MySpace Music Partners With Three Major Labels For Digital Download Service

The iTunes competitor will be rolled out over the next few months.

It takes a major player to challenge Apple's iTunes in the download market, and so far, nobody has been able to come close to the industry leader. But MySpace, which is to social networking what iTunes is to MP3s, thinks it has the answer.

The social-networking site announced on Thursday (April 3) that it has joined with Universal Music Group, Sony BMG and Warner Music Group to form the new MySpace Music, a service that will offer DRM-free MP3 downloads of songs and videos from the three major labels, as well as ad-supported video and audio streams, ringtones, merchandise and concert tickets.

"We're really excited to partner with these industry leaders to create the most ... innovative and dynamic music service on the marketplace and on the planet," MySpace cofounder and CEO Chris DeWolfe said in a conference call with reporters Thursday morning. "MySpace Music integrates the world's most popular music community with the most popular catalog of music content available online from the world's biggest music companies."

At press time, the other major label, EMI, had not yet signed on to the project. When asked if it would be joining in the future, DeWolfe said MySpace would like to "do business with everyone." The company is speaking to a number of other labels, both majors and independent, DeWolfe said, but he could not answer whether EMI would be part of the project.

DeWolfe said that the new features would be rolling out on the existing MySpace Music community over the next few months in the United States and would spread worldwide once international issues concerning rights are ironed out. He would not talk about financial specifics of the deal or nail down the exact price of the downloads, except to say that it would be "very competitive."

Though COO Amit Kapur said the download service would be available on "any device or computer," DeWolfe explained that MySpace realizes that many of its users own iPods, and "to whatever extent we can leverage the environment to make it accessible to iPods, we will do that."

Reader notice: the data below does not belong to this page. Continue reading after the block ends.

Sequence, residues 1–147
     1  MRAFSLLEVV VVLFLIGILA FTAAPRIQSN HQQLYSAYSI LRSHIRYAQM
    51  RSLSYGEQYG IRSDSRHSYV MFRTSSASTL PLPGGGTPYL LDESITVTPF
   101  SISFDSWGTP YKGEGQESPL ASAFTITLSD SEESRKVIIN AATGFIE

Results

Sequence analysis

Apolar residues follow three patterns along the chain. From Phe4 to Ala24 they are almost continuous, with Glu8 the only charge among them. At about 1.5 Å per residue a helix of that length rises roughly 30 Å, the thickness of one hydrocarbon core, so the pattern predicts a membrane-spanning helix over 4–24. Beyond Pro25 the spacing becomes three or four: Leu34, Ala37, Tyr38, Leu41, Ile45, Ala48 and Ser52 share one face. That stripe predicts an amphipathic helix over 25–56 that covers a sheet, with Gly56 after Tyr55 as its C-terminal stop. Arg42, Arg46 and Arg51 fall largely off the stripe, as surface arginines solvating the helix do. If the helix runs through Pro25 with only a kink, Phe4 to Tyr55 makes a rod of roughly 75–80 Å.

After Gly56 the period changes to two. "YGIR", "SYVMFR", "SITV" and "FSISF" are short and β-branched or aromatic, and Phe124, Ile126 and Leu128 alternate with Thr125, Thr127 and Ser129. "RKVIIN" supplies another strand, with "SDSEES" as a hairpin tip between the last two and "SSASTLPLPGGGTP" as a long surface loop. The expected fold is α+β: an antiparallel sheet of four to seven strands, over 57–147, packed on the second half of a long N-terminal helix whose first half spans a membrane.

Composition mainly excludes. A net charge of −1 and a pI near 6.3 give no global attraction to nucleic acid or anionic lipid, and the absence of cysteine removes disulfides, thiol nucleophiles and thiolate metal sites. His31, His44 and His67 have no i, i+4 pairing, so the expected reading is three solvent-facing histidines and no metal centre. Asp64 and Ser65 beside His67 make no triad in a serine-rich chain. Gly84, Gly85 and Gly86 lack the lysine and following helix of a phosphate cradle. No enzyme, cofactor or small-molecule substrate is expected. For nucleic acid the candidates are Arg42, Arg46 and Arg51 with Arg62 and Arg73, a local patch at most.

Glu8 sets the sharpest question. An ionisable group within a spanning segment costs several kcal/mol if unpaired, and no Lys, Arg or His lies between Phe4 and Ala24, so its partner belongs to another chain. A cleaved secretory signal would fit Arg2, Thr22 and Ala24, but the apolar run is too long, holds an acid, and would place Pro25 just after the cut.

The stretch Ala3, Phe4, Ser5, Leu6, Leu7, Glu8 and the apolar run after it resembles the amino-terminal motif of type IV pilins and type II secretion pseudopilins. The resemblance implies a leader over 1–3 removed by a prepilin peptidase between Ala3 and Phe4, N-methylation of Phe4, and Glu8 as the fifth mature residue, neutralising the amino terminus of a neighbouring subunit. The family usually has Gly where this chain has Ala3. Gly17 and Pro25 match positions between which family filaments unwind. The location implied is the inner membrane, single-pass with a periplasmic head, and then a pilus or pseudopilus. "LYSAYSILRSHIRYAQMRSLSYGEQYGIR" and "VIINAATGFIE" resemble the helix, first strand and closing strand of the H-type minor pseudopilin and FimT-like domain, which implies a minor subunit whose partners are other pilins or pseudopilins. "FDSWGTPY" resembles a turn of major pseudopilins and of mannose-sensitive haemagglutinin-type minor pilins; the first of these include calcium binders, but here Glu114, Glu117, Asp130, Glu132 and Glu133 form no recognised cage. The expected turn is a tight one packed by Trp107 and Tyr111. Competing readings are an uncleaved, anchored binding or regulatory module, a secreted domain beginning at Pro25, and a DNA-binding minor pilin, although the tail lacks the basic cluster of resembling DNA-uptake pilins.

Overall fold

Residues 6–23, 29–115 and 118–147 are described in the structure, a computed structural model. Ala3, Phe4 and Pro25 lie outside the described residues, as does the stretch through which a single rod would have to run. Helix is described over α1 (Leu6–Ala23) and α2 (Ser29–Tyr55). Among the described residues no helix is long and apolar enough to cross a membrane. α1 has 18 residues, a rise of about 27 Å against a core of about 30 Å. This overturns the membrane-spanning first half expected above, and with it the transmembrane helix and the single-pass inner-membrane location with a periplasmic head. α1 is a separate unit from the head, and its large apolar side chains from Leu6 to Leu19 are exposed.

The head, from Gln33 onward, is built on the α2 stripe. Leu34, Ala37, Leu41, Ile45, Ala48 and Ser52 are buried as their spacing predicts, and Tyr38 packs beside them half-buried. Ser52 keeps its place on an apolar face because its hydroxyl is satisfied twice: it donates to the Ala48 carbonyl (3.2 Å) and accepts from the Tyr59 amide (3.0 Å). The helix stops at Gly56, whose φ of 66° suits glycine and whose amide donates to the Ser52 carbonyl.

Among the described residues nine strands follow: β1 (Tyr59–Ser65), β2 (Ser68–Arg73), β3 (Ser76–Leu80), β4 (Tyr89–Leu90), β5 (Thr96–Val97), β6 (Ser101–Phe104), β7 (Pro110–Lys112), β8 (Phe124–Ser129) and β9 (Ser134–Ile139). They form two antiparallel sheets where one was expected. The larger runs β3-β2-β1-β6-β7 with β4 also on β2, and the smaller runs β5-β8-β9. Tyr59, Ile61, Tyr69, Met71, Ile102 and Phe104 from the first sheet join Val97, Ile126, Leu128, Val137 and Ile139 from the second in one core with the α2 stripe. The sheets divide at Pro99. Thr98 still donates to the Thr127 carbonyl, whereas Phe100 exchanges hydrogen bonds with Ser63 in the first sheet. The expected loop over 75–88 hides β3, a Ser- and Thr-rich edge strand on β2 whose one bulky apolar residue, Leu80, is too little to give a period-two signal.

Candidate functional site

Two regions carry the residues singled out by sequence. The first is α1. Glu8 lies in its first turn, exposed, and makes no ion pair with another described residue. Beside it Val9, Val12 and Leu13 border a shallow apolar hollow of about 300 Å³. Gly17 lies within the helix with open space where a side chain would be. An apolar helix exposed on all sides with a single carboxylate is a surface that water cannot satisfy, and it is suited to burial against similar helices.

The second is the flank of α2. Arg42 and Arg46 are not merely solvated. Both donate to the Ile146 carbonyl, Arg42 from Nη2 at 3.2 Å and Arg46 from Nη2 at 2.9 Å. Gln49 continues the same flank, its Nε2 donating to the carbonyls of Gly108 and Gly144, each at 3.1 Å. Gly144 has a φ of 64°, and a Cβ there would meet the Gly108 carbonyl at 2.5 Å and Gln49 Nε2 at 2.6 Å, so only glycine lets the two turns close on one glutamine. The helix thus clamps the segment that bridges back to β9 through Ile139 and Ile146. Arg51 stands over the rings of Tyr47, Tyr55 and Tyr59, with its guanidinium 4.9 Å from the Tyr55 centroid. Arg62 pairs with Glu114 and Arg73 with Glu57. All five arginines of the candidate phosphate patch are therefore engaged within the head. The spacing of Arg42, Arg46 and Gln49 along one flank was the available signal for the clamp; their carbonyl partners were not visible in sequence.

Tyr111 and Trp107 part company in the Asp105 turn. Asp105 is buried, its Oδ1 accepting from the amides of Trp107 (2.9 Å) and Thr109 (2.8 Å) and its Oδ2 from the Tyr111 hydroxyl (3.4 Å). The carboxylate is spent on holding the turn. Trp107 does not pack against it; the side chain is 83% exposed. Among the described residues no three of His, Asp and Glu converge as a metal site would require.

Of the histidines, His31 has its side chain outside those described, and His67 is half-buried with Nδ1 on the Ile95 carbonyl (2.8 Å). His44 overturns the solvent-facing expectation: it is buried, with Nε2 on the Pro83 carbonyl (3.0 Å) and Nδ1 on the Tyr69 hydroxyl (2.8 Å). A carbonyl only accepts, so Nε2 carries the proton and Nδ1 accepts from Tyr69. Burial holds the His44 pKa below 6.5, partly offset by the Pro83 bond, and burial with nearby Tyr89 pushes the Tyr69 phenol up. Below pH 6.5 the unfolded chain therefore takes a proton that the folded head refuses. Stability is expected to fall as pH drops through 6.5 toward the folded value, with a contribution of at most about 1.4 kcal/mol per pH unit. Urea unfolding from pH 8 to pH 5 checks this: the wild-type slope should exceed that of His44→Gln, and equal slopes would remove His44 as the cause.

Part of the deal reportedly involves Universal dropping its 2006 copyright-infringement suit against MySpace for an undisclosed settlement. Last year, industry leader Universal began limiting its artists from streaming full songs on MySpace, asking them to cut the clips down to 90 seconds. According to the New York Post (which, like MySpace, is owned by News Corp.), the deal does not involve the transfer of any money, but will give the label groups minority stakes in MySpace Music and a chance to participate in ad revenues that News Corp. hopes to generate from the service.

DeWolfe said the current MySpace Music site draws 30 million unique visitors a month and has more than 5 million artist pages, ranging from unknown, unsigned acts to major-label superstars.

"We believe that the Web is becoming increasingly more social, and MySpace Music is a new way of consuming and experiencing music online that everyone can participate in," DeWolfe said. "Today really represents the beginning of a new chapter in the story of modern music. We feel that modern music is about giving up control and taking the content to the people and letting the people define their own experience. Our goal is to empower users and artists to define their own music experience."

Given MySpace Music's already huge reach, DeWolfe added that the new venture is starting with a "big, big" head start on the competition. Asked if there are any exclusivity deals that would prevent such competitors as Facebook from cutting the very same deals with the labels, DeWolfe said he could not discuss that, but he again stressed that his company has a huge jump on rival sites because of its already large user base.

No indication was given of how many tracks the service would offer, but Kapur said that users would be able to stream all the songs in the catalog and use them to create and trade playlists.